With the last of the winter storms apparently behind them, some Prince George’s County municipalities are surveying the damage incurred — to their bank accounts.
This winter, Laurel spent almost twice what it budgeted for ice and snow removal, which means funds slated for things like road maintenance could be used to cover those costs.
During upcoming meetings, Laurel officials will consider an ordinance that would balance the $93,000 deficit in the snow and ice budget using some unanticipated state funds from vehicle registration fees and gas taxes, said Michele Saylor, director of Laurel’s department of budget and personnel services.
Paul McCullagh, Laurel public works director, said these state funds were not accounted for in the original 2014 budget and are considered additional funds that often go toward projects like road repairs.
“It’s [funding] we typically expect to get, but because it has been canceled in the past, we are not assured of getting that money,” he said. “It is a return of money we hadn’t counted on and that will help ease some of the budget shortfall.”
Laurel resident Tiffany Baker said she was pleased with the city’s response to this winter’s snow storms, but also said she thinks more money should be put toward road repairs and maintenance.
“That’s one thing Laurel is really lacking,” she said. “They can do a lot better.”
Baker said she was surprised by the total amount the city spent on snow and ice removal.
“It really doesn’t seem normal,” she said. “But that’s life.”
Other county municipalities are facing the same predicament as Laurel.
Bowie exceeded its snow and ice removal budget by about 55 percent this winter, or $179,000, said Dan Layton, acting public works director.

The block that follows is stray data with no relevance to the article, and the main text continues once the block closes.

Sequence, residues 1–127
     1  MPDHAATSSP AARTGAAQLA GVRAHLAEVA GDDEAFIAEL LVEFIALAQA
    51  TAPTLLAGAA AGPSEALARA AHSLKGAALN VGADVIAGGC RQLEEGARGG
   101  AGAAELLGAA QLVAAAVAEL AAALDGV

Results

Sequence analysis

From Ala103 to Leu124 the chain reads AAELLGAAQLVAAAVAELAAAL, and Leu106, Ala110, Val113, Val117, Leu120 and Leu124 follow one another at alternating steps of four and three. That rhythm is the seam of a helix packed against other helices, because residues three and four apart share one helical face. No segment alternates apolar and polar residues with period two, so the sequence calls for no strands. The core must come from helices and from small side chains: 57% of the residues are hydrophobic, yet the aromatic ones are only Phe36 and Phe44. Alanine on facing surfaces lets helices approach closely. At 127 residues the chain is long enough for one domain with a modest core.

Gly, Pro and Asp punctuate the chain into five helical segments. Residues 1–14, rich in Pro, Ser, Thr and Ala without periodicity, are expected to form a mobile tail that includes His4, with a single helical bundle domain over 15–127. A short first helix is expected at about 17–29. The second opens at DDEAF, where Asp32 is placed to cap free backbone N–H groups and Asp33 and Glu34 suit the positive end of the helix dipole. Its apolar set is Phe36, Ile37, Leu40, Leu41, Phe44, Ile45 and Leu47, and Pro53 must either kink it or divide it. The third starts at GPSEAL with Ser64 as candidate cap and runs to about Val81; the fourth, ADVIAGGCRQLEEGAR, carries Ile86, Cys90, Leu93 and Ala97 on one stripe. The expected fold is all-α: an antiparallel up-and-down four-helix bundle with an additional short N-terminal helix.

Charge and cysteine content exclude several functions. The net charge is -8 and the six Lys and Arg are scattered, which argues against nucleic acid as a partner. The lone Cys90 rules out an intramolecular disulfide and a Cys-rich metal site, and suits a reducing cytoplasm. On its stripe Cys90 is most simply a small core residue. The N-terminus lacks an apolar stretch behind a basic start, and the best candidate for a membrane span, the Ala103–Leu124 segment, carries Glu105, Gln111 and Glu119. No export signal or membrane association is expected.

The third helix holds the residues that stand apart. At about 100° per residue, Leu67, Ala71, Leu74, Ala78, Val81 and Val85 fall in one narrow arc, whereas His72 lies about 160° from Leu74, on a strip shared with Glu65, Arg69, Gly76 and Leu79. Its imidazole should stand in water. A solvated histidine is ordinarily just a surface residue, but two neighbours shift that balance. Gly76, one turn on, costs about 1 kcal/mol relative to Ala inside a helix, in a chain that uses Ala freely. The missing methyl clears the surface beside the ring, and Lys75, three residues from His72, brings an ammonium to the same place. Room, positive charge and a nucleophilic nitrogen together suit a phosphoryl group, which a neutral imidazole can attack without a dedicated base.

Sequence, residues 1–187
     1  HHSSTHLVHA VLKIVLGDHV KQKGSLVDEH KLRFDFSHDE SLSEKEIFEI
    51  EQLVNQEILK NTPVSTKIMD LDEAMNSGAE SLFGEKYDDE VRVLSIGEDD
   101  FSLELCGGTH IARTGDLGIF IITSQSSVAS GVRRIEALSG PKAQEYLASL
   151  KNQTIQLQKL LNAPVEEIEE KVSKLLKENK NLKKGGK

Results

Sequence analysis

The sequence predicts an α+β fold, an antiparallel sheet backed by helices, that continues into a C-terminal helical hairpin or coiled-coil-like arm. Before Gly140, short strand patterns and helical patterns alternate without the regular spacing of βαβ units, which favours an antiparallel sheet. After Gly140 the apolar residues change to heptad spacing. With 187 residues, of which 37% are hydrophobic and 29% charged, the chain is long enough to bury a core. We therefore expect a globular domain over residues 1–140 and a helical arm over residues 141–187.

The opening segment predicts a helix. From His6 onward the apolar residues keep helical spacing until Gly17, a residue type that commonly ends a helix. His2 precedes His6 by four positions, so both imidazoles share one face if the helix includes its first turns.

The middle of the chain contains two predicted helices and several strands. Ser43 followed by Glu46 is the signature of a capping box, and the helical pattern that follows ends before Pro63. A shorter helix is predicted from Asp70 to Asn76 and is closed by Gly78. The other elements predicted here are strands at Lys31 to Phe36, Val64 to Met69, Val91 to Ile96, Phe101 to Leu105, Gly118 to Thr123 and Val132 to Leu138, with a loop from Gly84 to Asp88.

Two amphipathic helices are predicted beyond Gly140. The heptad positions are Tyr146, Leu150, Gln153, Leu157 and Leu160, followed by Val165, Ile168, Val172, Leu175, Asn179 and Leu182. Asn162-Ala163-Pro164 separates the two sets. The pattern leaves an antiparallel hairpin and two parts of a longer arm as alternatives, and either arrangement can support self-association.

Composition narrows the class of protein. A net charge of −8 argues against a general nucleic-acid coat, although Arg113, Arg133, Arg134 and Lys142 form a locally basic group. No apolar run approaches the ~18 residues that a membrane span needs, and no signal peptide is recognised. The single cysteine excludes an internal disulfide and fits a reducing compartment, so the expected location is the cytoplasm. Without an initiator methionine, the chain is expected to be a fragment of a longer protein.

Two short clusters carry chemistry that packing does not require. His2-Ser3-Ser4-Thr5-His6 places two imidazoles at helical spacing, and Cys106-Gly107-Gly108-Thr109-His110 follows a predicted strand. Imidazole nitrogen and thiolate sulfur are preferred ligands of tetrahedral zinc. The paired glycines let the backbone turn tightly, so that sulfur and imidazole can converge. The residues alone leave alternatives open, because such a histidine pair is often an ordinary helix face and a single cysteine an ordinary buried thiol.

John Fitzwater, Bowie assistant city manager, said the City Council will meet in June to decide how to re-allocate funds to cover this deficit and any others. Fitzwater said it is too early to tell which accounts will have surpluses that could be used to cover the deficit caused by the winter storms, but said the money will likely come from the street maintenance account.
Robert Stumpff, College Park’s director of public works, said he does not have final numbers, but think the city exceeded its salt budget by about $15,000, or 50 percent and slightly overspent on labor for snow and ice removal.
“We have always budgeted a little more per mile [for labor] than some of the other municipalities, so we’ve had a surplus on that particular account,” he said. “This year, we won’t.”
For some municipalities, like Upper Marlboro, recalling problems with previous winters paid off.
Stephen Sonnett, president of the board of commissioners, said the town came through the winter under-budget, spending around $2,000 of the $5,000 in its snow and ice removal account. The city has about two miles of residential roads, Sonnett said, and most of the other roads are owned by the state or county.
“We’re a small town and we have a very efficient work crew,” he said. “We budget that much because several years ago there was an ice storm and several trees had fallen and we had to hire outside crews.”
While Saylor said Laurel is considering an approximate $13,000 budget increase in the snow and ice removal category for next year, Stumpff said College Park won’t make any adjustments.
“We left it exactly the same,” Stumpff said. “We may win, we may lose.”